4. Since skipping dormancy doesn't seem to be an option then, I have just cut the flower stalk! Going to have to start doing something for dormancy ASAP though i case the others start flowering too. Sent from my iPhone using Tapatalk
  5. Ive just noticed a small flower stalk rising from my Dionaea 'Dentate', and have mixed feelings! I would actually quite like to see the "boring" flowers, and also like the idea of collecting some seed, however i really don't want to kill my plant. I only bought the plant at the start of July, at which point I re-potted it into a bigger pot, it put out loads of new traps over the summer and its roots have reached bottom of the new pot - so I think its growing strongly. I've also been feeding some dried mealworms and its had a couple of 1/2 strength mistings of Orchid Focus in the summer. Im not sure what I'm doing for dormancy yet - I have two other Dionaea I need figure this out for soon as well. I currently keep them on a South facing windowsill, with a couple of fluorescents over them as well. My main issue is i cant think of anywhere cold enough that still gets enough light for them. I was thinking of putting them in the shed with a single fluorescent above them, but am unsure this would be enough light, and am also worried the shed would be too cold. Another option could also put them in a cheap plastic "greenhouse" outside the south facing window - but an worried this may also be too cold for house-grown plants. So now...some questions! :) Anyone have any thoughts or recommendations on dormancy? Does Dionaea flower in response to light or temperature cues? What would make them flower in autumn? (I wonder if this sometimes happens in nature.) And if I was to let my 'Dentate' flower, should I skip dormancy and keep it indoors this year? Here is the plant in question: Sent from my iPhone using Tapatalk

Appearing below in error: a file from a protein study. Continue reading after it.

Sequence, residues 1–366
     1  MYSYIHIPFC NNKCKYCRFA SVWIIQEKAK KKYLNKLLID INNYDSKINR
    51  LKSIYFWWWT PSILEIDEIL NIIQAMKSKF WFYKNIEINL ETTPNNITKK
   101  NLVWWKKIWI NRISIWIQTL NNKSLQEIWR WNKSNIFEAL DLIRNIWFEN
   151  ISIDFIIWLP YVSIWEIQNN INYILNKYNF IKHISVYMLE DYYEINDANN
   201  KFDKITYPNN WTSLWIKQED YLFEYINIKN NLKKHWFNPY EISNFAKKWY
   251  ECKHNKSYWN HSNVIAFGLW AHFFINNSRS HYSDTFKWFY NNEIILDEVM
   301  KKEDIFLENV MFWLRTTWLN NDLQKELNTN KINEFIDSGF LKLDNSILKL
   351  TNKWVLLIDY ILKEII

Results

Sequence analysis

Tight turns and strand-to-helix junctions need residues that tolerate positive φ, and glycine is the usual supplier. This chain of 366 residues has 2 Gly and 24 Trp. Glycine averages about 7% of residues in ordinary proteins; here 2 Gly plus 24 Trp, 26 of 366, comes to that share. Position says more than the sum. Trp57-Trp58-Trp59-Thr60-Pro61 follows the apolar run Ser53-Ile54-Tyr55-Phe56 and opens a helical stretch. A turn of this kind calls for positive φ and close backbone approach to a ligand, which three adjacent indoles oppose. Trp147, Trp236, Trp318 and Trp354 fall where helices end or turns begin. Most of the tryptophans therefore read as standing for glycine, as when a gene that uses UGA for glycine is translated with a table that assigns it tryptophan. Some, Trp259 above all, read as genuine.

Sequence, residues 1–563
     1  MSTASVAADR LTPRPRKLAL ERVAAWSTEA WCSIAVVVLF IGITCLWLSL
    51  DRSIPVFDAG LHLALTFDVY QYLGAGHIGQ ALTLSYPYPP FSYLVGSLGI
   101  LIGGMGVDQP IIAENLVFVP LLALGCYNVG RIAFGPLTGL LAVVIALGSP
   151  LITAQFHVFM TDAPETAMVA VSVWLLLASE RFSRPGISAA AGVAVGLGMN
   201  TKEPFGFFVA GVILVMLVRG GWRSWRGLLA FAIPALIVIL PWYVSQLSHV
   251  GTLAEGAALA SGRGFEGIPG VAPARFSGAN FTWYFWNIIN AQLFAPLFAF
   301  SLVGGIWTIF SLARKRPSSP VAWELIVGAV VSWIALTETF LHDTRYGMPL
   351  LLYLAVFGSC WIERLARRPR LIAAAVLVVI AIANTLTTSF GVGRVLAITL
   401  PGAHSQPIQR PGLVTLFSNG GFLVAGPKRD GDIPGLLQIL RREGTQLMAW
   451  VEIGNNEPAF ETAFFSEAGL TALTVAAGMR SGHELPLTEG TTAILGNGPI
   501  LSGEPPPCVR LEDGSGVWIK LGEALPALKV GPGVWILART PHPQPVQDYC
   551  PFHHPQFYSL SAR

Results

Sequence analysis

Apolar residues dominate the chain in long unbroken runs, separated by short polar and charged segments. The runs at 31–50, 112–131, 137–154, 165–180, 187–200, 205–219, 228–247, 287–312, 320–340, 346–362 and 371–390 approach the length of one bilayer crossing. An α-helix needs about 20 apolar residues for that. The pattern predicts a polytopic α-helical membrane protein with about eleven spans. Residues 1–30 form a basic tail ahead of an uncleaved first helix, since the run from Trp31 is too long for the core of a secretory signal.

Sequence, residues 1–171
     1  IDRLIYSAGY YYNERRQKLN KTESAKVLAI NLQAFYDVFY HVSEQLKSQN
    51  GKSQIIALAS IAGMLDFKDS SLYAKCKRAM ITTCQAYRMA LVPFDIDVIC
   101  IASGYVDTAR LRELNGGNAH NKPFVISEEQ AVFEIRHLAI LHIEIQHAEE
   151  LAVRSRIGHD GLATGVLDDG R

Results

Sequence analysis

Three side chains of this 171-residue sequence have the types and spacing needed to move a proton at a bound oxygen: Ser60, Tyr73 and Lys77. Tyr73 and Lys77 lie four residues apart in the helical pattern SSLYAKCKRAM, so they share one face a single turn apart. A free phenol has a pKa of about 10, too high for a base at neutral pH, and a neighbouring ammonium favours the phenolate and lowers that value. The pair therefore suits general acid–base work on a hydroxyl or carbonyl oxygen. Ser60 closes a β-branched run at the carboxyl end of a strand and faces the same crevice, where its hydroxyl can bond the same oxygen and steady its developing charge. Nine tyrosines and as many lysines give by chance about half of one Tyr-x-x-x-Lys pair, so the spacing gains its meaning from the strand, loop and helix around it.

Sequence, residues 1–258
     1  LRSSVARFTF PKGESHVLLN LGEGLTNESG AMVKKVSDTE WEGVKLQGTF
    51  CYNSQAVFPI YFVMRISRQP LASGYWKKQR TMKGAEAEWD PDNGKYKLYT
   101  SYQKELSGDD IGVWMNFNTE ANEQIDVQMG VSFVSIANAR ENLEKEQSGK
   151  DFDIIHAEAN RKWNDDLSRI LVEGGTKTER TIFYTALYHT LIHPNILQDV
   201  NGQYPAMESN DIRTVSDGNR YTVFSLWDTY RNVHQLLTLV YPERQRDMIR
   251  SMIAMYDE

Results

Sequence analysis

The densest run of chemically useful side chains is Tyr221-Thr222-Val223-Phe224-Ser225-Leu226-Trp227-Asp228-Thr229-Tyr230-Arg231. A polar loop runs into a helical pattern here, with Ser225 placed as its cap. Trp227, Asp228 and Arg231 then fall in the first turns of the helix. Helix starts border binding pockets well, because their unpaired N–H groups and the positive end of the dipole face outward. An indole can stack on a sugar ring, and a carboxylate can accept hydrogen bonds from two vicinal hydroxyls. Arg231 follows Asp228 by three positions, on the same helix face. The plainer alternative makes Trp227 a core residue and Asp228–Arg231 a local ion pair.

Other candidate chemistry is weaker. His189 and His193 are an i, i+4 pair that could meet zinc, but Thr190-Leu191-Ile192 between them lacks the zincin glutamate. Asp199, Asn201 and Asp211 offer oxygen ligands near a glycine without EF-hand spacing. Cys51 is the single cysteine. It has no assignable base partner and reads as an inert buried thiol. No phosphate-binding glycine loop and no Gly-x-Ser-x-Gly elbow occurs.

6. As other have said, beautiful photographs! You are inspiring me both to collect more pings, and to use my camera to take better pics of my plants! :)
  7. Does this mucous serve a function for the plant, or is this currently unknown? Do any other Utricularia spp. produce such mucous? Is it just nectar to attract pollinators? If it is nectar - it looks like a lot! Either way, looks beautiful, nice pics :).
  8. Beautiful plants and pics.
  9. Unfortunately LUX is a useless measurement for plant growth, and would only be a little bit more useful for a rough comparison if the light sources outputting the same wavelengths of light. LUX is only a measurement of light that human eyes can see, not what plants can use, you would need a PAR meter for that. Your twin SMD strips may be just adequate to keep your plants alive and maybe growing, but they wont nearly equal the light intensity from twin 24W T5HO bulbs. Theoretically red/blue lights are more efficient as more power is going into wavelengths the plants can use, however this may not be the case for all plants in all stages of growth and the difference is very small IMO. The picture you posted looks the same as the LED light strips I've used many times before on aquariums. Personally I find them very poor for plant growth, they are cheap for a reason IMO. Brilliant for lots of applications, but there are far more efficient lights for growing plants. Maybe perfect if you don't mind your plants growing slower to save electricity/cut down on heat.